Los Angeles County Civil Service Com. v. Superior Court

Decision Date29 December 1978
Docket NumberAFL-CIO
Citation151 Cal.Rptr. 547,23 Cal.3d 55,588 P.2d 249
Parties, 588 P.2d 249, 100 L.R.R.M. (BNA) 2854 LOS ANGELES COUNTY CIVIL SERVICE COMMISSION, Petitioner, v. The SUPERIOR COURT OF LOS ANGELES COUNTY, Respondent; LOS ANGELES COUNTY EMPLOYEES UNION, LOCAL 434, Service Employees International Union,et al., Real Parties in Interest. L.A. 30878.
CourtCalifornia Supreme Court

Geffner & Satzman and Leo Geffner, Los Angeles, for petitioner.

John B. Clausen, County Counsel (Contra Costa), and Arthur W. Walenta, Jr., Asst. County Counsel, Martinez, as amici curiae on behalf of petitioner.

No appearance for respondent.

John H. Larson, County Counsel, William F. Stewart, Joe Ben Hudgens and Steven L. Houston, Deputy County Counsel, Los Angeles, for real parties in interest.

NEWMAN, Justice.

In this case we must reconcile two sections of the Meyers-Milias-Brown Act (MMBA). 1 Section 3500 declares that the MMBA shall not supersede local charters, ordinances, and rules that establish civil service systems or other methods of administering employer-employee relations. 2 Section 3505 requires governing bodies of local agencies or their properly designated representatives to meet and confer as to conditions of employment with representatives of employee organizations. 3

Since we conclude that the Legislature did not intend to exempt counties with civil service systems from the meet-and-confer requirement, we also consider the constitutionality of requiring chartered counties and cities to comply with the MMBA. We rule that the meet-and-confer requirement is not inconsistent with a charter provision that requires a civil service commission to hold public hearings before amending its rules. Therefore requiring Los Angeles County to meet and confer with employee unions before amending its civil service rules does not, we hold, offend the home-rule provisions of the California Constitution.

Article IX of the Los Angeles County Charter provides for the civil service. The civil service commission, created by section 30 of the charter, shall "prescribe, amend and enforce rules for the classified service, which shall have the force and effect of law. . . ." (Charter § 34.) Those rules are to provide: "For layoffs or for mandatory reductions in lieu of layoff . . . for reasons of economy or lack of work" (§ 34(18)); "For transfer from one position to a similar position in the same class and grade and for reinstatement within one year of persons who without fault or delinquency on their part are separated from the service or reduced" (§ 34(10)); "For the discharge or reduction in rank or compensation after appointment or promotion is complete . . ." (§ 34(13)); and "For the adoption and amendment of rules only after public notice and hearing" (§ 34(16)). 4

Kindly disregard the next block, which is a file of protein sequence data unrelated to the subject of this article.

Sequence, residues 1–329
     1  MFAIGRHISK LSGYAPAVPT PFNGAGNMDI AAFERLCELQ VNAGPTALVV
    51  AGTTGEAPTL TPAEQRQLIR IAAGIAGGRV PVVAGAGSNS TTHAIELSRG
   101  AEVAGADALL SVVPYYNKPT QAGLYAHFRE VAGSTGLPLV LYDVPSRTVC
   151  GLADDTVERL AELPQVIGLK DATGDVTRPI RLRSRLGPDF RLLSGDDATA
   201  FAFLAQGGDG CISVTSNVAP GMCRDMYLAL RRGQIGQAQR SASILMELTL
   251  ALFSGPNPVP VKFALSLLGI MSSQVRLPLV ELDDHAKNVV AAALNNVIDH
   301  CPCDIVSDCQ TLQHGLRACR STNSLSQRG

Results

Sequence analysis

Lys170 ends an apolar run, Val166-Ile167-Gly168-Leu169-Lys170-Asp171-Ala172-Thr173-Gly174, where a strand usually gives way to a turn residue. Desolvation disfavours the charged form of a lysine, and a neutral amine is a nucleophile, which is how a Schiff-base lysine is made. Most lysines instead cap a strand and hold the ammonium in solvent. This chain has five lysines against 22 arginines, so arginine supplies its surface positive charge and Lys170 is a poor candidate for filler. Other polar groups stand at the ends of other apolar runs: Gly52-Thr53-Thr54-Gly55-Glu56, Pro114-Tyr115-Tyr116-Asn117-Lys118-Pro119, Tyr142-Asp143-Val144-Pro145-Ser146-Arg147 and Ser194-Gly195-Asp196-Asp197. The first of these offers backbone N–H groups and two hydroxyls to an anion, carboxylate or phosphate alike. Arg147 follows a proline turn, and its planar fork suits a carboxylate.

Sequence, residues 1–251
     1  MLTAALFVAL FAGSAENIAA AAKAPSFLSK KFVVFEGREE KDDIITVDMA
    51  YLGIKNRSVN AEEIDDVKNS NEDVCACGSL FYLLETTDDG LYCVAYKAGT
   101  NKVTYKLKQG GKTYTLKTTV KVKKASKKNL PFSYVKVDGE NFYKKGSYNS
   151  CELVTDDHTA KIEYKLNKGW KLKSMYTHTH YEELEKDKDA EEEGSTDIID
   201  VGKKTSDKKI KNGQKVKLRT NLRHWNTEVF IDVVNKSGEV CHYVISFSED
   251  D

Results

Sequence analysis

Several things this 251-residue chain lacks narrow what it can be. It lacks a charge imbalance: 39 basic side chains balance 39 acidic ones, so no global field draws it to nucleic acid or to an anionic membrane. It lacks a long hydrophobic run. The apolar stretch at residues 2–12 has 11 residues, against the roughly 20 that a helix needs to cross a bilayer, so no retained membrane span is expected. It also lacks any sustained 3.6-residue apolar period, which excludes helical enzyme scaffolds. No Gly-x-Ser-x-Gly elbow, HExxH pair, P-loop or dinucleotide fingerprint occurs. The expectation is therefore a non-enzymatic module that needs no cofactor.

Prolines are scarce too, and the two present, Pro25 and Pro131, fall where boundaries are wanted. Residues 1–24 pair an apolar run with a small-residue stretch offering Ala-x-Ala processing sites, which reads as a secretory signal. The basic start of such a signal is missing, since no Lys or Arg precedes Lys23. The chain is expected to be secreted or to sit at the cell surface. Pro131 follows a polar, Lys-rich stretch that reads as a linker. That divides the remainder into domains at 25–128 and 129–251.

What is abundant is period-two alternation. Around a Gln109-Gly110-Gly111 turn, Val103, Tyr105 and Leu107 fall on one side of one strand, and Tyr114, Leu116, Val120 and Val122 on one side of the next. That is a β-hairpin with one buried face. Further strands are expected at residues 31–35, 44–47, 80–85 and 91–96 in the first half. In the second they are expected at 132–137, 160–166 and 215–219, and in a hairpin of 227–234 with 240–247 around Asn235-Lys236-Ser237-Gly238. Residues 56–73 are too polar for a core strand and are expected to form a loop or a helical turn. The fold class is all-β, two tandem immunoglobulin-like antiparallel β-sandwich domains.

In February and March 1976 the commission held hearings concerning amendments to its rules governing layoffs and grade reductions in lieu of layoff. It sent notice of the hearings to several employee unions, but union representatives attended under protest. They claimed that section 3505 of the MMBA required the commission to meet and confer before amending the rules, which the commission refused to do.

Without waiving the asserted right to meet and confer the union representatives expressed their views at the hearings. They supported layoffs based on straight seniority. County management preferred reducing in grade higher ranked employees to displace lower-ranked (though possibly more senior) employees. Displaced employees would be laid off. After the hearings the commission adopted amendments supporting management's position. 5

In April 1976 the unions petitioned the superior court for a writ of mandate to compel the commission to set aside the amended rules and to meet and confer before adopting any rules regarding layoffs or reductions in lieu of layoff. The court issued the writ. In this proceeding we consider the propriety of the lower court's action.

The commission maintains that, because of the nonpreemption language in section 3500, it should not be required to comply with provisions of the MMBA that interfere with its administration of employer-employee relations. Further it asserts that, under article XI, sections 3 and 4 of the California Constitution, the Legislature does not have authority to require bargaining over matters governed by the county charter that, except for the charter, would be within the scope of representation under the MMBA. 6

The meaning of "meet and confer"

At the outset we note that a meet-and-confer session amounts to much more than the public hearing authorized by the Los Angeles County Charter. Section 3505 of the MMBA requires governing bodies or their representatives to "meet and confer (with employee representatives) in good faith regarding wages, hours, and other terms and conditions of employment" and to "consider fully" such employee presentations. Section 3505.1 provides that, if the representatives successfully reach an agreement, they shall jointly prepare a nonbinding memorandum of understanding. 7